- Arrange to have someone stay at home with you for the first 48 hours after your discharge.
- You are encouraged to walk around your home as much as you are able. You may climb stairs as you feel comfortable. Do not lift anything heavy for six to eight weeks or when there is no pain. You should not drive a car for two weeks or until approved by your doctor. You may return to exercise at your own pace after you post operative exam.
- Some weakness and fatigue are not uncommon. You should rest as much as you need and avoid activities that can put a strain on your incision, such as lifting or bending.
- If you have abdominal stitches they will dissolve on their own. If you have staples they will need to be removed by your physician. Your doctor will tell you when to make an appointment to have them removed. You may also have steri -strips which may be removed after a week if they do not fall off on their own.
- You may eat a regular diet once you are home and be sure to drink plenty of fluids.
- You may need sanitary pads, for the light vaginal bleeding that may last up to a week after surgery as well as a brownish discharge which may last up to four weeks.
- Do not use tampons, douche or have sexual intercourse until approved by your doctor.
- Call your doctor if you have any of the following symptoms:
- Fever over 100.4F
- Vaginal bleeding that is heavier than a normal period.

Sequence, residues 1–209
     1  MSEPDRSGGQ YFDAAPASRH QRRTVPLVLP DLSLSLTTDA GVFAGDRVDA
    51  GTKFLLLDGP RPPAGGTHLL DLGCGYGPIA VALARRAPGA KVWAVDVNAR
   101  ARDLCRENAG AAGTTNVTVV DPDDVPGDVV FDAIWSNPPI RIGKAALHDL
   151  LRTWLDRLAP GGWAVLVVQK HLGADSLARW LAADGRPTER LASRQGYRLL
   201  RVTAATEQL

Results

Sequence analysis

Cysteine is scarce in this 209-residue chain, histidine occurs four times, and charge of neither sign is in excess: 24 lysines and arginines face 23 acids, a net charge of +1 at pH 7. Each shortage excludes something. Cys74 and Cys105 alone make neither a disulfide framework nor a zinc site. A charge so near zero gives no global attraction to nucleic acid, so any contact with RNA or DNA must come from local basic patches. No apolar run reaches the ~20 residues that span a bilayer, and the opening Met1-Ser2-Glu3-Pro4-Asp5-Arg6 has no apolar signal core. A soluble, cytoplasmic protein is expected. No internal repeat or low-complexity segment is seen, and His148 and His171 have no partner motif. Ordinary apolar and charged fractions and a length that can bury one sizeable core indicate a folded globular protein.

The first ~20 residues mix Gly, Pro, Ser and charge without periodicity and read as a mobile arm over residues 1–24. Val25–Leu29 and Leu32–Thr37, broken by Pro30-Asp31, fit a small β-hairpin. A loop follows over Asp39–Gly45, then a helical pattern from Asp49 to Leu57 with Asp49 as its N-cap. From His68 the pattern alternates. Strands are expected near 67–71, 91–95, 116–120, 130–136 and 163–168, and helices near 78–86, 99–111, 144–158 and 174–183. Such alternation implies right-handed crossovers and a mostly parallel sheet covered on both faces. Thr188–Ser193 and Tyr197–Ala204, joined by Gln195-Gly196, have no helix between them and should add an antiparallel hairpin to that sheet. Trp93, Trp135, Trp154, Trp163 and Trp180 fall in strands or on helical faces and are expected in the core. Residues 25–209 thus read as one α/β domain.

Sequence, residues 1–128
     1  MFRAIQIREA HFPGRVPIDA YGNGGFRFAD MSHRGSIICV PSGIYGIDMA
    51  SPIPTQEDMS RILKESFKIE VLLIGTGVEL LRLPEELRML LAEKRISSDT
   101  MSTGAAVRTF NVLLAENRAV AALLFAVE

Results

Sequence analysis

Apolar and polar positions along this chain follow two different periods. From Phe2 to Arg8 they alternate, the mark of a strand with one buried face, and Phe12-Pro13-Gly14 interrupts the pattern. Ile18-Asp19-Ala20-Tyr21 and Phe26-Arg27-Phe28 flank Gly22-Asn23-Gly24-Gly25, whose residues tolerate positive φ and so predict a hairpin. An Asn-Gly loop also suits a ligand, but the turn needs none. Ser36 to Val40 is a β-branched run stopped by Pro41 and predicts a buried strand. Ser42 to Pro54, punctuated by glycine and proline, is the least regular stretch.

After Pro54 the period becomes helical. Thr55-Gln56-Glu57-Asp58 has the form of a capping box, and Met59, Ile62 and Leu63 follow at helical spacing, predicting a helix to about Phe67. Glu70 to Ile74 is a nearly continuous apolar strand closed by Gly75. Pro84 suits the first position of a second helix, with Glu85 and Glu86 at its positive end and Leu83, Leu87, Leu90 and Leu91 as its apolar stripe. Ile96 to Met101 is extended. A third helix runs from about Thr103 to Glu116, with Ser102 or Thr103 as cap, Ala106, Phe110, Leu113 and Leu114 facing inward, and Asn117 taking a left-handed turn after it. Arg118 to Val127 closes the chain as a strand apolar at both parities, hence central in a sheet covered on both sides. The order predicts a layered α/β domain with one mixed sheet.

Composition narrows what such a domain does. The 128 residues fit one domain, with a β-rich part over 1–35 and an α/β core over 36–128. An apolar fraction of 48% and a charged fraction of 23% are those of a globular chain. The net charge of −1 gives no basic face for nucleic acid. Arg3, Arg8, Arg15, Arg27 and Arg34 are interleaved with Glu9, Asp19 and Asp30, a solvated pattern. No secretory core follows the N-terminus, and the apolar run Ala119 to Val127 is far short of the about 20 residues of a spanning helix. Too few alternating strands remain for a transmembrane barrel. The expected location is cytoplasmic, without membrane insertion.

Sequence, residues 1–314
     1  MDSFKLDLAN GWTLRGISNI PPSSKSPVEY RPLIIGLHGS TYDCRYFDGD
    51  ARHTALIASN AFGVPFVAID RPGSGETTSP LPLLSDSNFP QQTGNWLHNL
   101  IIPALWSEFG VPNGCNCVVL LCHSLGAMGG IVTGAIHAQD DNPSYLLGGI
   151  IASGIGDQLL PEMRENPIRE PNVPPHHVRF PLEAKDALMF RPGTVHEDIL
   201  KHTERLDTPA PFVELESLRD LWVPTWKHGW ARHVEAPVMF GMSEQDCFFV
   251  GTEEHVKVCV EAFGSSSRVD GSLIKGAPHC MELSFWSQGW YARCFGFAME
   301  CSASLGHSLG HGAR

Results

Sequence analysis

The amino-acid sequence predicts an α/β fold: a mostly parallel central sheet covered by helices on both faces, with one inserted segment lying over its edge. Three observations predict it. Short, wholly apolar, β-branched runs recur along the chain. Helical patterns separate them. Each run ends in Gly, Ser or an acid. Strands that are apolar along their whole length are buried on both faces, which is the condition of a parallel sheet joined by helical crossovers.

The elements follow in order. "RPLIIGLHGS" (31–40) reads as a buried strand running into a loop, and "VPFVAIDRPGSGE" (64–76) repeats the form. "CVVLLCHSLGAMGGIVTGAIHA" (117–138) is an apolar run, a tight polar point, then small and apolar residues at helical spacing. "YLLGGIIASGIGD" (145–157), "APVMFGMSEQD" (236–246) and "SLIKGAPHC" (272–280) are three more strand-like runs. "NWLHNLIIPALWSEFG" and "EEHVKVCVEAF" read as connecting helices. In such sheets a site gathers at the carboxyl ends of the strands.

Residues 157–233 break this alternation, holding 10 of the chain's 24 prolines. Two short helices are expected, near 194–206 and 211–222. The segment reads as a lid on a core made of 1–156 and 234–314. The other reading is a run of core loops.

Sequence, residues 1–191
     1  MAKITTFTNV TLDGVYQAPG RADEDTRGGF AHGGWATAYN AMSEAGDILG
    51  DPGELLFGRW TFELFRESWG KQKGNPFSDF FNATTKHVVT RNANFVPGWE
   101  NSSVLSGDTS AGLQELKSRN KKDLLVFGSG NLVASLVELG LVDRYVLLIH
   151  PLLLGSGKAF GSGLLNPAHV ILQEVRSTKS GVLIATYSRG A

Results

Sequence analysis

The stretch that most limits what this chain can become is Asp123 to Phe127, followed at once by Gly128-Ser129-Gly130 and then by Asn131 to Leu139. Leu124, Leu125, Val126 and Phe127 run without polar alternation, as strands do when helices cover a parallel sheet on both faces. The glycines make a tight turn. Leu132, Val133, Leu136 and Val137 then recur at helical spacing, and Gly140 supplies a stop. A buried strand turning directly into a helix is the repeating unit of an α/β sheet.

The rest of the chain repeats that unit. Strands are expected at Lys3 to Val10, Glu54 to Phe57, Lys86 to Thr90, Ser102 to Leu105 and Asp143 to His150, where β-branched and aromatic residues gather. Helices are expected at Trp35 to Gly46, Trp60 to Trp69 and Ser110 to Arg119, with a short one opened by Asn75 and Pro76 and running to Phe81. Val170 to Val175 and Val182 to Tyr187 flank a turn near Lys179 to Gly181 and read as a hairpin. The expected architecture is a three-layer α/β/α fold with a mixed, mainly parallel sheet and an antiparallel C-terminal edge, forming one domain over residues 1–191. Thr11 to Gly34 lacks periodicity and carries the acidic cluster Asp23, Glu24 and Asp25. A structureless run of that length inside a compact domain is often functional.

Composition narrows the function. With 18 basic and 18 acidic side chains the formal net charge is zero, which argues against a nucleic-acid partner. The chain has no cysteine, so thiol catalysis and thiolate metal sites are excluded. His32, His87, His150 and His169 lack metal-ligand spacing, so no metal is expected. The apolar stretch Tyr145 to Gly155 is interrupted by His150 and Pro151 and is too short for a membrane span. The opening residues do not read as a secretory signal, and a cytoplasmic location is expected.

- Pain that is unrelieved by pain medication.
- Increasing abdominal pain with nausea and vomiting.
- You may be given a prescription for pain medication that you can have a family member or friend take to a pharmacy of your choice. Please remember to follow the directions on the label
- If you had your ovaries removed, you may need hormone replacement therapy. Your doctor will discuss this with you.
- You can usually plan to return to full-time work several weeks after surgery depending on your healing process and the type of surgery performed.
- As soon as you arrive home, call your Doctor's office to schedule your post-op appointment if you didn't already do so at your pre-operative surgery consultation.
Constipation is very common after surgery, especially because many pain medicines can slow down your bowels. Take colace and senna daily to soften your stools, until you have stopped taking pain medicine or your stools become unusually loose. If you haven't had a bowel movement in two to three days, try taking a laxative, such as milk of magnesia.
You will be provided with prescriptions for the medications you have been taking in the hospital. Please note that many drugs require written prescriptions for refills. If you anticipate that you will need a refill, please call your doctor's nurse during business hours, two to three days in advance, so a written prescription can be mailed to your pharmacy.
Last Updated: 7/15/2013